Dog owners are used to their furry friends slobbering them with kisses as soon as they walk through the door. Dogs tend to lick everything: their food, their environment, their private parts, and our faces. Why do dogs lick your face, and what does it mean?
Why Do Dogs Lick Faces
Here are a few reasons your dog might lick your face.
To Show Affection
Our pups love us as much as we love them. One of the ways they express their love is by licking our faces. While we like to think of it as the equivalent of a kiss, a dog lick is more of a submissive affection.
Why Does My Dog Lick My Face When I Cry?
They could be showing empathy. Dogs are attuned to their owner’s emotional state, and studies have shown they are more likely to kiss and nuzzle you when you are upset.
Dogs evolved from wolves, and wolf puppies lick their mothers’ mouths for regurgitated food. When your dog licks your face it could be an instinctive genetic behavior to get some food!
Our Faces Smell and Taste Good
The human face has many scents and tastes that dogs enjoy. Our faces have sweat glands on the forehead and cheeks that produce salt. We also have food residue around our mouths. When dogs lick our faces they are experiencing these different tastes.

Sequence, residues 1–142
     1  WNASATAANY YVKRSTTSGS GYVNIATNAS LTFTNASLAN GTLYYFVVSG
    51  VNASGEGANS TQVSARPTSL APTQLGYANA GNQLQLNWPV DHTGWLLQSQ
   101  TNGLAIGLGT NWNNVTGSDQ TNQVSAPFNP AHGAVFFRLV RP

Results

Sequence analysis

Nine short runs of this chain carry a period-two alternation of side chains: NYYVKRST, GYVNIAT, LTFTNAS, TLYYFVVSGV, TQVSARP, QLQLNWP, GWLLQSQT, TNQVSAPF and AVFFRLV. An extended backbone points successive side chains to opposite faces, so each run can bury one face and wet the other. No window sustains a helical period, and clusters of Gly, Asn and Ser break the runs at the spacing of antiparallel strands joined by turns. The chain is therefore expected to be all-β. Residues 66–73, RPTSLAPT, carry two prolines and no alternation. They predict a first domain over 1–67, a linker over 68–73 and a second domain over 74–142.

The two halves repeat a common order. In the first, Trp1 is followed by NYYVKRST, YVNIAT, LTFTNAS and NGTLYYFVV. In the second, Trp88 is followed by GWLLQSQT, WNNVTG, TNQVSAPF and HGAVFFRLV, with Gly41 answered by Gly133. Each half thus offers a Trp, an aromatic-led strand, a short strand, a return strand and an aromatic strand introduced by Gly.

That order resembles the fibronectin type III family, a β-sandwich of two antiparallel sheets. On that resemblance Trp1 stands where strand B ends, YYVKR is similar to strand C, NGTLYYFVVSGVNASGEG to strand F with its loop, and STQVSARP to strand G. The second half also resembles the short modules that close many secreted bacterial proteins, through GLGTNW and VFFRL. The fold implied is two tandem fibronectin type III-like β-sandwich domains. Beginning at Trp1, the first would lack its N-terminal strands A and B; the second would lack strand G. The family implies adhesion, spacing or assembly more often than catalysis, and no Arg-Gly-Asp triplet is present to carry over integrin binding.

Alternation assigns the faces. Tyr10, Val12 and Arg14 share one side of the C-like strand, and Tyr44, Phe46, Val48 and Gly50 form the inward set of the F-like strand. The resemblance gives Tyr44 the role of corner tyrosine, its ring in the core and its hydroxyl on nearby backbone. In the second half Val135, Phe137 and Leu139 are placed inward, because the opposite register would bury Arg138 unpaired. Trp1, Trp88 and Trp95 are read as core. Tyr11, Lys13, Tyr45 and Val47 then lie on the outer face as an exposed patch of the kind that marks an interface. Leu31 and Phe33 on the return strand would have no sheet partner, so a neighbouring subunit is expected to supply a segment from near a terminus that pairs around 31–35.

Why Do Dogs Lick Your Face When You Sleep?
Researchers aren’t sure why dogs lick our faces while we sleep. It could be because our skin secretes sweat and oils while we sleep and they like the taste. It could be a sign of affection. And it also could be your dog looking for attention.
Why Do Dogs Lick Your Face To Wake You Up in the Morning?
Similar to when we sleep, your dog might be enjoying the scent and taste of your sweat and oils. It could also be that they are excited to see you!
Sometimes dogs lick faces as a gesture of submission. When your dog licks your face, it may be a sign of social deference. Your dog is expressing that it harbors no aggression toward you. Dogs may lick strangers’ faces to show appeasement.
Many dog owners respond positively to dogs licking their faces, whether smiling, laughing, or petting the dog in return. This is positive reinforcement that encourages that behavior. Dogs learn that humans like it when they lick faces, so they keep doing it for attention and praise.
Licking releases endorphins in dogs’ brains. Endorphins are hormones that cause a calming and happy effect. When dogs lick your faces it might help them relax.
Should I Let My Dog Lick My Face? Is It a Problem?
While dog saliva does have a lot of bacteria, it shouldn’t be a problem for most healthy people with good immune systems. If you don’t have open wounds on your face, it is safe for your dog to lick you.
How Can I Keep My Dog From Licking Faces?
Some dog owners may want to discourage the behavior. It can be problematic if your dog compulsively licks the faces of strangers, children, or the elderly. Owners can use training techniques to stop their dogs from licking faces.
If your pet exhibits odd behavior, it can be worrisome and difficult to know if the behavior is normal or a reason for concern.